Why someone wouldn’t slow down in their car while passing an active emergency, as a demonstration of common sense if anything, is a mystery.
Thankfully, from September this year, everyone will be required to slow to 40km/h on all NSW roads when police, ambulance, fire, SES or rescue vehicles are stopped and have their red or blue lights flashing.
It’s part of a one-year trial which will be monitored by the NSW Government and which could come into effect permanently if results prove positive. For example, all our emergency services volunteers come home after a shift without injury or worse.
Western Australia, South Australia and Victoria already have the law and in NSW it’s something emergency services volunteers have had to campaign hard for to get a speed limit around their vehicles and accident sites, to prevent further incidents.
In February, a case in point arose when two police officers suffered horrific injuries when a motorist on a mobile phone drove into them as they set up a roadside breath-testing checkpoint. One suffered a broken leg, and the other had to have his foot and part of this leg amputated.
It’s true, we live in the Age of the Orange Vest governed by some over-zealous occupational health and safety rules, but no-one should ever have to endure that kind of outcome from a day on the job, especially when the biggest danger is the people you’re paid to protect.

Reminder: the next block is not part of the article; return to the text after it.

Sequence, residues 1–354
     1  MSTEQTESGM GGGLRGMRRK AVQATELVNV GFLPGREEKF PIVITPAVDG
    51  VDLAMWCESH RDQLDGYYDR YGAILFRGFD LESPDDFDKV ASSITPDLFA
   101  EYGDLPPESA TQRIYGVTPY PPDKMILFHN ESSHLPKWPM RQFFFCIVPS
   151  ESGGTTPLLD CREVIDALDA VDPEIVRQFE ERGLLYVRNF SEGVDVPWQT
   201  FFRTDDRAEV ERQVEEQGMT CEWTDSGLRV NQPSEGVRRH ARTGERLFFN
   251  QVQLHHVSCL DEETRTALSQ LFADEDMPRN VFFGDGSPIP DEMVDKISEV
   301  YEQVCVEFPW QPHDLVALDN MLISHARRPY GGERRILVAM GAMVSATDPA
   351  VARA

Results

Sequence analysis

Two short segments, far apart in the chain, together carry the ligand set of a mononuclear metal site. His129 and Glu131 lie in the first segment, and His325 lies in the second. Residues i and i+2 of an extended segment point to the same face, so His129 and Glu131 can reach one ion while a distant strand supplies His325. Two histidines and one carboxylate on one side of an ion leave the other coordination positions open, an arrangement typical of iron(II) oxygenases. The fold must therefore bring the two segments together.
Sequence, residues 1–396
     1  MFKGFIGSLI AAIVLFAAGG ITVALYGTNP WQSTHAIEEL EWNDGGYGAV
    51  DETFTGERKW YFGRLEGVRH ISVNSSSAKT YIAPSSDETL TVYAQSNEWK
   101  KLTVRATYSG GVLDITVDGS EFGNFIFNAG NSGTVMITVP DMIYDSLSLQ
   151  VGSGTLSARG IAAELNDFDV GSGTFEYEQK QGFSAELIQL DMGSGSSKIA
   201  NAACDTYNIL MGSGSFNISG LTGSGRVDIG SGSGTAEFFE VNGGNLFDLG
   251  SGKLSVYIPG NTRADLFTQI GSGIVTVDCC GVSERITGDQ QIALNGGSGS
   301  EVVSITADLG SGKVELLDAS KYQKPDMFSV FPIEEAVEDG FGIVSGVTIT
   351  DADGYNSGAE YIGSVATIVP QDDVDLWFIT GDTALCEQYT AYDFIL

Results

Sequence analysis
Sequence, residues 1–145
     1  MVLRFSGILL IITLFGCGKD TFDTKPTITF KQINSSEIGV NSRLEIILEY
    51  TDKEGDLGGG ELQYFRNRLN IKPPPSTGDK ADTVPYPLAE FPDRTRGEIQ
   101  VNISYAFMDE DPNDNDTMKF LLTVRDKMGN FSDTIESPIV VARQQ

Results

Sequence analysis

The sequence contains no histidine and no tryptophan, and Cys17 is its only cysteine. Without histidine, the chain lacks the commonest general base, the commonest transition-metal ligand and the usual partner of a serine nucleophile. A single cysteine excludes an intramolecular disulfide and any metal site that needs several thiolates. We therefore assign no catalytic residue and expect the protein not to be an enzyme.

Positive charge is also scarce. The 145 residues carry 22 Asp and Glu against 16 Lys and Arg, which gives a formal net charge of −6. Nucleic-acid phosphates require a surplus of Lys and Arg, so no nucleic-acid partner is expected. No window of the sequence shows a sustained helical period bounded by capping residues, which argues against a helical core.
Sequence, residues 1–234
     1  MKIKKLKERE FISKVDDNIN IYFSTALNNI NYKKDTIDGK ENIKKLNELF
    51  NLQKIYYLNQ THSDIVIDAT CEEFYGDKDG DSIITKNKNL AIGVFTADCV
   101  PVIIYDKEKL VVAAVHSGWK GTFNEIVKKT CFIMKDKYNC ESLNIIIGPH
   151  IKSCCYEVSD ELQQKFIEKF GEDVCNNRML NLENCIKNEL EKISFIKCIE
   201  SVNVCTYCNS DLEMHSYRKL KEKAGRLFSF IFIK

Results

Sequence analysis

So, thumbs up to the policy makers who are protecting the protectors.
Drought Transport Fund
If you haven’t actually been driving out of town lately, make no mistake, it’s dry out there and explains why the state government is introducing the NSW Drought Transport Fund.
The fund will provide up to $20,000 in low interest loans, with a two-year interest- and repayment-free period, to help farmers pay freight costs for fodder, water, or to move stock to agistment.
Member for Dubbo Troy Grant was quoted as saying this week, “The costs of transporting fodder, water, or to move stock is crippling our farmers, as more than a quarter of the state is struggling with drought or conditions approaching it, including the Central Tablelands, Central West and in the far west of the state.
“Our farmers are the lifeblood of the region, and when they are struggling, the whole community is impacted,” Mr Grant said.
Yvette Aubusson-Foley is a Dubbo journo, who spent time living and raising her family in the USA, but has now returned to her home town.